Siesta Key Gulf of Mexico Fishing Charters
The topic of this article is Siesta Key Gulf of Mexico fishing charters. While most of my trips are inshore, I will fish the near shore waters of the Gulf of Mexico when conditions are optimum. Anglers can expect to catch some larger game fish and experience some truly world class fishing.
My name is Capt Jim Klopfer and I run fishing charters in Sarasota and Siesta Key. I fish Sarasota Bay most of the time. However, I am well rounded and really enjoy venturing out into the Gulf of Mexico when the bite is on. Much of the fishing has a visual component, which only adds to the excitement!
Anglers going out on Gulf of Mexico fishing charters can expect to catch several species using multiple techniques. Spanish mackerel and false albacore will be seen feeding on the surface and will take lures and flies. Trolling produces them along with king mackerel. Cobia will be encountered, along with sharks. Bottom fishing produces snapper and sheepshead. Tarpon are sought in the summer.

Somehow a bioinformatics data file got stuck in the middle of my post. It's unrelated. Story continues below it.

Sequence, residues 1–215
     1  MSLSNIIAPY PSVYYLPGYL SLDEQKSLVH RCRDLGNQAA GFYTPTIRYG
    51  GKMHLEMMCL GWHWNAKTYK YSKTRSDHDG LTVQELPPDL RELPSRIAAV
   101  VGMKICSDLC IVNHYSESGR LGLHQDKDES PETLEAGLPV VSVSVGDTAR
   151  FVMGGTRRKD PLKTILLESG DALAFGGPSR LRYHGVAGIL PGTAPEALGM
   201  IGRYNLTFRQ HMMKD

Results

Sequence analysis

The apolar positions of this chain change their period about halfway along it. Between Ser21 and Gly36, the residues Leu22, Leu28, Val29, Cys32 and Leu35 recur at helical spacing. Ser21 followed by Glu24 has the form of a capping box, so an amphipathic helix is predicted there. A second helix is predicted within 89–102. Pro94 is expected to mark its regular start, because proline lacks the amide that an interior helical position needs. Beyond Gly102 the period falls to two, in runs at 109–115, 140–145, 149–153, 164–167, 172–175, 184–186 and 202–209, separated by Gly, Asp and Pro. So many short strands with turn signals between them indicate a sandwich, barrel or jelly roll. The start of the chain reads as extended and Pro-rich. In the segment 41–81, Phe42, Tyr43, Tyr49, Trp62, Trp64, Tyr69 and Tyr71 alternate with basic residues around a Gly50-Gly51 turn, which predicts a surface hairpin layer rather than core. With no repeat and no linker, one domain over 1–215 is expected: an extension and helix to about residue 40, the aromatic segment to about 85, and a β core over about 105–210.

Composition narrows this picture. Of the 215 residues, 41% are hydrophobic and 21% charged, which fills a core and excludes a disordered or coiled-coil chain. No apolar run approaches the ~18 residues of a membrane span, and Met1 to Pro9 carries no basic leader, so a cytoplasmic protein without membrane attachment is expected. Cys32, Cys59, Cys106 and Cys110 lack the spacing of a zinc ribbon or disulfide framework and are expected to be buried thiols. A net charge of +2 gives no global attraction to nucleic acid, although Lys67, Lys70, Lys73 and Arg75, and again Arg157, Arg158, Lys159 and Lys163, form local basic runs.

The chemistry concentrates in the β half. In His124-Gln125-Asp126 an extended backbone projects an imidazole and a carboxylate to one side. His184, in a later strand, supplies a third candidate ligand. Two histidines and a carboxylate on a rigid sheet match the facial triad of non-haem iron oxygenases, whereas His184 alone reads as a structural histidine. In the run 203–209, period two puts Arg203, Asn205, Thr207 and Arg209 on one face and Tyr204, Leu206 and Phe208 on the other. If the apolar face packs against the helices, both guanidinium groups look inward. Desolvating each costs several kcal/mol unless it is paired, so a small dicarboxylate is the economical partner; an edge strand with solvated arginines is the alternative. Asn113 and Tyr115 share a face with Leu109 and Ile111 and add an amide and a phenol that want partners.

Siesta Key Gulf of Mexico Fishing Charters
There are several different techniques that I use on my Gulf of Mexico fishing charters on Siesta Key. These are sight casting, trolling, drift fishing, and bottom fishing. All four of these techniques can be used to catch a variety of species.
Gulf of Mexico sight fishing charters
Of all of the techniques that I use on Gulf of Mexico fishing charters, sight casting to fish is the most exciting! Most often, this involves Spanish mackerel and false albacore. However, other species will be found chasing bait fish on the surface, including ladyfish, jack crevalle, and bluefish.
Birds are often the first clue that feeding game fish are in the vicinity. Diving birds will feed on the scraps. On a calm day, the fish can be seen feeding from a fair distance. The technique is to place the boat up-wind of the fish and then drift towards them. Lures such as spoons, jigs, and plugs can be cast into the fish. A hookup will almost surely ensue!
A silver spoon is a great lure for this situation. Spoons cast a good distance and put out a lot of flash and vibration. Plugs such as the Rapala X Rap and jigs with shad tails also are effective. Anglers fly fishing cast bait fish patterns with success. Live bait can even be used, though it is usually nor required.